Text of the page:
Nonetheless, years later, the only part of Bancrofts Dry Cleaners’ business that has not completely recovered, are the wedding dresses. So much for “all publicity is good publicity”! Management of the media is just one of the many parts of the loss management process.
WILL THE BUSINESS SURVIVE?
By lunchtime on Sunday, 21 December, Bancrofts Dry Cleaners on the advice of their loss manager, decided wisely to take some time out. They went across the road to a coffee shop, and father and son wrote down the ‘pros and cons’ of re-establishing the business as opposed to giving up and seeking a cash settlement from the Insurer. Some of the questions that went through their mind at this critical time were:
Is the stress that we are going to endure, worth the effort in the long run?
How long will it take before the investigation is finished, so we can clear ourselves of any suggestion of wrongdoing?
Can we, and the business, endure a rebuild?
What new equipment is available, and what are the lead times?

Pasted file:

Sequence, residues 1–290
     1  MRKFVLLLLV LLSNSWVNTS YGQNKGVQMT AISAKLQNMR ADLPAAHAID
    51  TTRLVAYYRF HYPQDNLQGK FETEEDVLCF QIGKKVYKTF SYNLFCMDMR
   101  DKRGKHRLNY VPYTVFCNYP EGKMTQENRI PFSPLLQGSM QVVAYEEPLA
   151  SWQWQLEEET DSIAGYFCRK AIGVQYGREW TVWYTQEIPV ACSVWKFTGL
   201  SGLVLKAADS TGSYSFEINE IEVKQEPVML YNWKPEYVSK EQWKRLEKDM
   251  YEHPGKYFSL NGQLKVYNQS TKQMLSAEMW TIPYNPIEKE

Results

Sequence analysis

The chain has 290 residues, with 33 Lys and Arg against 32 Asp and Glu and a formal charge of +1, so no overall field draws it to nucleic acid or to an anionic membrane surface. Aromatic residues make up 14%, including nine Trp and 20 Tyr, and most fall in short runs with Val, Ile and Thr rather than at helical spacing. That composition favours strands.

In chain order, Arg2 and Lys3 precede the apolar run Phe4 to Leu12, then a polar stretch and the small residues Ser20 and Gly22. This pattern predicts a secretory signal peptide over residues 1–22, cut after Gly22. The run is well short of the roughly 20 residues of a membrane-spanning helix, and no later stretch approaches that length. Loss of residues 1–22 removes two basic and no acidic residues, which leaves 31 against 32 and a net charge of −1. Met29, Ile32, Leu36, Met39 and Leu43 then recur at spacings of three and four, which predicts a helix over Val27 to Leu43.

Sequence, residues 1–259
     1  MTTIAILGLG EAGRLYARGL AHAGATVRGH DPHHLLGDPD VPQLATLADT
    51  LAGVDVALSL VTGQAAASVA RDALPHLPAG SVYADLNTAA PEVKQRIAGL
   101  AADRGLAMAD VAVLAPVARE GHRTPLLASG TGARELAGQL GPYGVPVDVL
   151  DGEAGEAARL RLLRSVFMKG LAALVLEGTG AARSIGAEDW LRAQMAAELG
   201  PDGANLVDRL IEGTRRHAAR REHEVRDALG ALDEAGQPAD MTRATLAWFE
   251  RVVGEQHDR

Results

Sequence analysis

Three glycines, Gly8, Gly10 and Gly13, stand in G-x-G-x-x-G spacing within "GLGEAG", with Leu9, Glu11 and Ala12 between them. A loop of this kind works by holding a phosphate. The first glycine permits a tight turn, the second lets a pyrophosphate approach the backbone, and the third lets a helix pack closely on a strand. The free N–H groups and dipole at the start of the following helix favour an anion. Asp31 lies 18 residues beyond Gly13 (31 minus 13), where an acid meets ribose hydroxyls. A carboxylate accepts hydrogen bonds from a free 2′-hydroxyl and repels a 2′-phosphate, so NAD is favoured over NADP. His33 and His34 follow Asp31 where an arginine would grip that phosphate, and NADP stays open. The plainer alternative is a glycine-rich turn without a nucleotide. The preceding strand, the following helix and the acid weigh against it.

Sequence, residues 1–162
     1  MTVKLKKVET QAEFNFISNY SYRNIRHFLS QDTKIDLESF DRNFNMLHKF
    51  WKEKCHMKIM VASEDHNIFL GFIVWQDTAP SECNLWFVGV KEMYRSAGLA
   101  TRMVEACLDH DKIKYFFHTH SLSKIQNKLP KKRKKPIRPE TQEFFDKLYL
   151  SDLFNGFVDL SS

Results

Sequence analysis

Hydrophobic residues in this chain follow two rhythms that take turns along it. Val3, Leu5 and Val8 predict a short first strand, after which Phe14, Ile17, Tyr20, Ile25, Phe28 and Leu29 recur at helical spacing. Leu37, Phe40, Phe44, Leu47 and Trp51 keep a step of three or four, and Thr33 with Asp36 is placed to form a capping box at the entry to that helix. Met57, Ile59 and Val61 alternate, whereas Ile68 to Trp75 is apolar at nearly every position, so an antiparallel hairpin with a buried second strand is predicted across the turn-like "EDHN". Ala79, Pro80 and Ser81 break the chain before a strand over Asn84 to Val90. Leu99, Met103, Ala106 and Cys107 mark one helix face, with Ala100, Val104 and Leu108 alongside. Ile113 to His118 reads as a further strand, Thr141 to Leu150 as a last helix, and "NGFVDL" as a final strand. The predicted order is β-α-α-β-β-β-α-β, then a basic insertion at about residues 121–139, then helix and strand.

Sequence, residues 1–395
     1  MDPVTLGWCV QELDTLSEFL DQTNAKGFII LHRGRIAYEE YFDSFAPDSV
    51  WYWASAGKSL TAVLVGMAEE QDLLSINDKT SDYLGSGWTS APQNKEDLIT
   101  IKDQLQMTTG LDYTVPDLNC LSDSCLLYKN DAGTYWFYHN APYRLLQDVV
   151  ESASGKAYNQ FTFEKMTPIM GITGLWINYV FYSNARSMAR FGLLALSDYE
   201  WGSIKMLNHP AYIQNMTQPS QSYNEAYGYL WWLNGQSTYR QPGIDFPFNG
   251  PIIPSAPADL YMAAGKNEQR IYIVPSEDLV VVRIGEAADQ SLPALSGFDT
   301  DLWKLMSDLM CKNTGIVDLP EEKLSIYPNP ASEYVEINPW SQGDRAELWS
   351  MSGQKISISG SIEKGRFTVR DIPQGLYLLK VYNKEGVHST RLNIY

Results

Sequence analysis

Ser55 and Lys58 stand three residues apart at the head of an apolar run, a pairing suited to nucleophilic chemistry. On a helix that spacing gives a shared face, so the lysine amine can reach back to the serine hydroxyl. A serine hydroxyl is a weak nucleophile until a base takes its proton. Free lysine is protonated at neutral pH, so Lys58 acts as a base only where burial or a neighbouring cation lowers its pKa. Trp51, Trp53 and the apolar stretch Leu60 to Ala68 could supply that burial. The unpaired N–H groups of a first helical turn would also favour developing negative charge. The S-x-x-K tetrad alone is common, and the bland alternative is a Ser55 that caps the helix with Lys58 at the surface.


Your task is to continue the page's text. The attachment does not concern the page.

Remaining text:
We cannot operate from these premises – is there anywhere else we can go, even for a short while?
Who will do the cleaning until we get replacement equipment?
Is the cover on our insurance policy adequate?
Will we be wiped out by all the customers’ claims? We have to find the people to handle the claims, and meet the cost of them.
Can any of the customers’ goods be salvaged?
Are our computer backups up-to-date and operational?
Will the Insurers argue every step of the way?
Do we have to engage lawyers, accountants, surveyors, builders and other experts?
Roger, who had been through a claim about 20 years ago when the premises were damaged during an attack on the Turkish Consulate (located immediately adjacent to the drycleaners), was ambivalent. He was wishing to go into semi-retirement and, knowing the hassles he had to endure last time, was not relishing the prospect of having to go through it all again. Nick, who was still at school during the earlier reinstatement, was not prepared to give up the business he had so recently acquired. The fact that he was the fourth generation of his family to run the business, also influenced his decision. Roger agreed to assist his son, and the decision to go on was made.